On the Teacher Retirement System of Texas (TRS) website, a pastel background sets off black and white images of smiling teachers, young and old. But the retirement system — in which UT employees are eligible to enroll automatically on their first day — faces a financial situation that shouldn’t trigger any happy faces. The bottom line is that none of TRS’s main funding sources offer easy answers for the agency’s current budget shortfall.
The sixth-largest pension fund in the United States, TRS relies on three main sources of funding to maintain its substantial trust fund: contributions from the state, contributions from members’ salaries and investment returns.
The system has $101 billion in assets and serves more than 1.3 million Texans, including 312,680 retirees and 1 million or so active employees. TRS members include employees of Texas public schools, colleges and universities.
TRS administers four different benefit programs, including two health benefit programs, a long-term care insurance program and a defined-benefit retirement program.
TRS’s defined-benefit retirement plan promises members a monthly benefit upon retirement, no matter how long they live. The size of the monthly benefit is determined by a pre-established formula that takes into account the employee’s earnings history.
In the most recent session of the Texas Legislature, lawmakers lowered the state contribution from 6.4 percent to 6 percent, meaning that the state now matches 6 percent of every TRS member’s paycheck in contributions to the TRS funds. (Employers in the system cut 6.4 percent from employees’ before-tax paychecks, making the current employee contribution rate slightly higher than the state contribution rate.)
In the past, the state contribution rate has been as high as 8.4 percent, and during the Sep. 12 hearing of the House Committee on Pensions, Investments and Financial Services, TRS Executive Director Brian Guthrie suggested that the state begin to “stair-step” state contribution rates back up to the original 8.4 percent. Why? Because the program as it stands is “not actuarially sound.”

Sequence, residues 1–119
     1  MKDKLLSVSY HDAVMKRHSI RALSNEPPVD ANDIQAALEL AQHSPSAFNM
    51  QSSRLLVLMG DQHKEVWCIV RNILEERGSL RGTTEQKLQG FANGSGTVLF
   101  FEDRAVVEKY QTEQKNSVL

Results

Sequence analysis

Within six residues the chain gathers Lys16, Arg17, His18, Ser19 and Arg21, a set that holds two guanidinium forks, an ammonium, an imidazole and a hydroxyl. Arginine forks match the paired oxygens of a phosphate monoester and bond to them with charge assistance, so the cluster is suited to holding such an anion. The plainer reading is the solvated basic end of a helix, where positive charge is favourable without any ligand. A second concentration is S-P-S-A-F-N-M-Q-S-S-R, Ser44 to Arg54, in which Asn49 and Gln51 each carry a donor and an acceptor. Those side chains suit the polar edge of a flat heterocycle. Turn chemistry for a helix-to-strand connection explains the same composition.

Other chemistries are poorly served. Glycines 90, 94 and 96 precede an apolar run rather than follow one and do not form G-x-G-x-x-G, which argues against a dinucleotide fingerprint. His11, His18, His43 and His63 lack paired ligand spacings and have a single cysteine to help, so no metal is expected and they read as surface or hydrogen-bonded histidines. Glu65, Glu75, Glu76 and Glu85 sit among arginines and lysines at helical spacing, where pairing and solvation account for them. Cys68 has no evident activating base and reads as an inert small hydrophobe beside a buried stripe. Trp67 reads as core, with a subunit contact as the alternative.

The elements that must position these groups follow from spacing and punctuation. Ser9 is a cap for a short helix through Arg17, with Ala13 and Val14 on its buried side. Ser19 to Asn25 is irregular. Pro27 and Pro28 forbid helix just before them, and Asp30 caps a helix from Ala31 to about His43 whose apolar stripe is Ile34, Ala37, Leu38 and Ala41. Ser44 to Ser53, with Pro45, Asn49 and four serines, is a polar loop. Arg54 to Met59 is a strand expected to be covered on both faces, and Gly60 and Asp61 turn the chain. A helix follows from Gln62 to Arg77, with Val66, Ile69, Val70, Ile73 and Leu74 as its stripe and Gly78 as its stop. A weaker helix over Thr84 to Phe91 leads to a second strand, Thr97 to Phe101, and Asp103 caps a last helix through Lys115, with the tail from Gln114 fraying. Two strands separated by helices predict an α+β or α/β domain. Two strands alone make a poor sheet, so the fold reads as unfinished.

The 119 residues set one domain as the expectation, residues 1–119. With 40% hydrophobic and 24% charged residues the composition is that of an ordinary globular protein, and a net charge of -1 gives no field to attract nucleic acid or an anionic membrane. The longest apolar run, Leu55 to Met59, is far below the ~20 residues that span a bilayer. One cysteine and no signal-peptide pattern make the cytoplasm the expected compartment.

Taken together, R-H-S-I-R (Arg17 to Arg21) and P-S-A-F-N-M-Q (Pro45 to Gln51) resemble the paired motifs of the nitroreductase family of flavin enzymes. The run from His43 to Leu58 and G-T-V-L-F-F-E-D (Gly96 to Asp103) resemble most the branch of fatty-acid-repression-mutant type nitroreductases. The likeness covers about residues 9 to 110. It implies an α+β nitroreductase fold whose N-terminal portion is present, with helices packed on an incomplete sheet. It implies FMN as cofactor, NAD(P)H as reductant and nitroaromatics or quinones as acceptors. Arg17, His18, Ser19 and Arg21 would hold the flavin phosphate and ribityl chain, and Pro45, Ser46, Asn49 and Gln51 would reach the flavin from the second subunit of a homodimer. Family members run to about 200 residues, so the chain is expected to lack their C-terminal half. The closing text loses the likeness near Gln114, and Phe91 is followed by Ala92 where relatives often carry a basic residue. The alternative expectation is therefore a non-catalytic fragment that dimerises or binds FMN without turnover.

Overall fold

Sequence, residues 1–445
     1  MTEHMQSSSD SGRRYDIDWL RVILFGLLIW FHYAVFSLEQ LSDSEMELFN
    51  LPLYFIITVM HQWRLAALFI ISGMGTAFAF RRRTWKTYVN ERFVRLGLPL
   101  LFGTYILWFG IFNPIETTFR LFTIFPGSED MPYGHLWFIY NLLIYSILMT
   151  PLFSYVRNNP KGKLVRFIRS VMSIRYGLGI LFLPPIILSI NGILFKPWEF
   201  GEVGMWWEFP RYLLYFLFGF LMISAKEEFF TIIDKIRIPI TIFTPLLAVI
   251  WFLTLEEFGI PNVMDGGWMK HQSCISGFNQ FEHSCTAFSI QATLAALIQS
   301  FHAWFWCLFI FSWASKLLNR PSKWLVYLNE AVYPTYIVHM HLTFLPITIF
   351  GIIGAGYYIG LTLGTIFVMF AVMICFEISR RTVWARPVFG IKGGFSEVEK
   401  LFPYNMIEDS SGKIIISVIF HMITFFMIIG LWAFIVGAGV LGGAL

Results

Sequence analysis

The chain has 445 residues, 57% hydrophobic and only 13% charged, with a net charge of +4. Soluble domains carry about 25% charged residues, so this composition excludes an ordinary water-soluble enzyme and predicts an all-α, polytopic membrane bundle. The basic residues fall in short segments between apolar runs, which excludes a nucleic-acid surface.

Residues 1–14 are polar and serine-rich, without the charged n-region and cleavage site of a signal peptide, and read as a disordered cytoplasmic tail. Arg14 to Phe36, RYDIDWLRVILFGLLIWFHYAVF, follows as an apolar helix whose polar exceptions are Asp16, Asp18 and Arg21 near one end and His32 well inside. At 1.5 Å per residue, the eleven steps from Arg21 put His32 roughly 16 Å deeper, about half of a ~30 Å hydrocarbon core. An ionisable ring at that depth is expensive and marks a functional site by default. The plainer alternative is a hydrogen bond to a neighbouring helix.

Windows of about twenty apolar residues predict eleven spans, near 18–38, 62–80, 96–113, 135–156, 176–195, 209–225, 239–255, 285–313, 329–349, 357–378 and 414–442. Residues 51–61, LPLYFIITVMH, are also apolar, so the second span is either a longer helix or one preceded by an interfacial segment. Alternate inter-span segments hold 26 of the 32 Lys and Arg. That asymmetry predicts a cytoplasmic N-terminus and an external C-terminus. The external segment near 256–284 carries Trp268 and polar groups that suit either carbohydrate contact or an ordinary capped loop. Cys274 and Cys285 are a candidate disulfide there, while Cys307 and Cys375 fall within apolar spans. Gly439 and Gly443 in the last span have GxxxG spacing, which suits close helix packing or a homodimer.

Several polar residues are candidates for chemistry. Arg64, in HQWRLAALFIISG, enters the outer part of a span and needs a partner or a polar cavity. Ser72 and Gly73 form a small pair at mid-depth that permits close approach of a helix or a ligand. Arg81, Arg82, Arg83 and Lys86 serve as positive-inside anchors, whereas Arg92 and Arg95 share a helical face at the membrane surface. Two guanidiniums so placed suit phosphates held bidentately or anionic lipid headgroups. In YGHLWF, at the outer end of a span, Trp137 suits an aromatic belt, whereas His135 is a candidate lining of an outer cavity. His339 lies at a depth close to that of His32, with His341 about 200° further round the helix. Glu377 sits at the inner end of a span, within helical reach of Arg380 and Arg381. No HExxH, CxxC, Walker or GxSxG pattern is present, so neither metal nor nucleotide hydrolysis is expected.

“Not actuarially sound” is a technical (and polite) way of saying that there is not enough money coming in to the system to support what it needs to pay out. Though the pension plan portion of TRS is fairly solid and should be able to pay benefits through the year 2075, funding for the healthcare plans provided by TRS will run out by 2015. So, how do we solve this problem for the million-plus Texas teachers who rely on TRS?
According to Brian Guthrie’s testimony, if the state and employee contributions were raised equally, then the blended contribution rate would go up to 7.7 percent, but the state’s contribution would only grow by 1.7 percent at a cost of less than $600 million per year.
The alternative: Raise only state contribution rates or only employee rates. But that makes the burden greater — possibly too great — on the state or the employees.
What about investment returns, TRS’s third source of funding? The UT Human Resource Services website says that “employee and employer contributions go into a large trust fund that’s managed by knowledgeable professionals.”
By “knowledgeable professionals,” they mean TRS’s nine-member Board of Trustees. Five of these members are appointed directly by Governor Perry, and they must have “investment expertise.” At least one, Joe Colonnetta, has donated over $49,000 to the Texans for Rick Perry PAC.
The other four are chosen by Governor Perry from a list provided by the State Board of Education and the membership of TRS.
In the last fiscal year, TRS made around 7 percent in investment returns. But that’s not enough to drag TRS back to the land of “actuarial soundness.”
If TRS succeeds in some of its internal restructuring efforts, like getting 80 percent of its members to switch to a less-expensive Medicare plan, then it won’t need funds from the state for the next biennium. But even then, it would still be in trouble for the biennium after that.
So what’s TRS to do? I, like TRS’s Board of Trustees, wish I knew. But one thing is certain: the trustees need to quickly make a plan to see just how much groveling for extra funds they’ll need to do come the 83rd Texas Legislative Session.
Wright is a Plan II and biology junior.